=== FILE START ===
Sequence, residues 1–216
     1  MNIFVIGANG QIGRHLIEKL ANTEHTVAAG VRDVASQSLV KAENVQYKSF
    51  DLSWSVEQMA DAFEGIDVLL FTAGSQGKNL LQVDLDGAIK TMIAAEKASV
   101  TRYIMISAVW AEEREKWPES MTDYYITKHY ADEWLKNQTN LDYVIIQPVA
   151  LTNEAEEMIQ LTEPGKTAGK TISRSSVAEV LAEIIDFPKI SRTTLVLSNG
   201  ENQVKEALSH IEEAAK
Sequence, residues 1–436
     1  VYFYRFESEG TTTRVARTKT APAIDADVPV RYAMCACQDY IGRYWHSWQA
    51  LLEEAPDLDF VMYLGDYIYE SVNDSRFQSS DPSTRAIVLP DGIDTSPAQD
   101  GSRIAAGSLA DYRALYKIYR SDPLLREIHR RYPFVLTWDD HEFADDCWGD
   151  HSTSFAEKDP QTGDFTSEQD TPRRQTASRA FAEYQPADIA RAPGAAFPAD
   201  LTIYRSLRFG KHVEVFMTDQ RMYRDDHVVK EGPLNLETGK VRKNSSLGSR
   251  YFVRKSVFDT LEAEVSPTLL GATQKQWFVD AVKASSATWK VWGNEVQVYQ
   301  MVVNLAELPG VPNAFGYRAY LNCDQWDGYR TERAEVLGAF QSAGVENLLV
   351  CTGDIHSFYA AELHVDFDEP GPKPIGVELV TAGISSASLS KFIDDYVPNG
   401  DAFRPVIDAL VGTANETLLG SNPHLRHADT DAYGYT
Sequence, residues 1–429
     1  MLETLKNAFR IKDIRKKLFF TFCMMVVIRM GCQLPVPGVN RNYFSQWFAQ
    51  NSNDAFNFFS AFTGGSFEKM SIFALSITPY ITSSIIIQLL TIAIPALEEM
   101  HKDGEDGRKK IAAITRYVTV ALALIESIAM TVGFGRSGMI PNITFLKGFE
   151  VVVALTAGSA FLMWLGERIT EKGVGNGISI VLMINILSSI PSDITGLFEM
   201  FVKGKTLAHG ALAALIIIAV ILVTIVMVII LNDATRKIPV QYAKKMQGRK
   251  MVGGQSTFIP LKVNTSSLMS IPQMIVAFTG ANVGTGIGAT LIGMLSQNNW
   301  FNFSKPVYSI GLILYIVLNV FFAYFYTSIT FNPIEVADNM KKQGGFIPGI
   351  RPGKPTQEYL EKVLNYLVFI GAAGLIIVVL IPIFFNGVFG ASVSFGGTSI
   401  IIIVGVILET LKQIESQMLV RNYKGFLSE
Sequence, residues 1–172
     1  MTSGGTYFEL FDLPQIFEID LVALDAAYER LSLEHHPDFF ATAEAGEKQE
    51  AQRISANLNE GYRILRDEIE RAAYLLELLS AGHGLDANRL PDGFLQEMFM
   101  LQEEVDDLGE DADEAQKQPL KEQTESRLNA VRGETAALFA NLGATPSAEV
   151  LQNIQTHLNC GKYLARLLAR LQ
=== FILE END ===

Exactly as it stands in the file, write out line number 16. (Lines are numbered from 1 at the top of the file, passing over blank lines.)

   401  DAFRPVIDAL VGTANETLLG SNPHLRHADT DAYGYT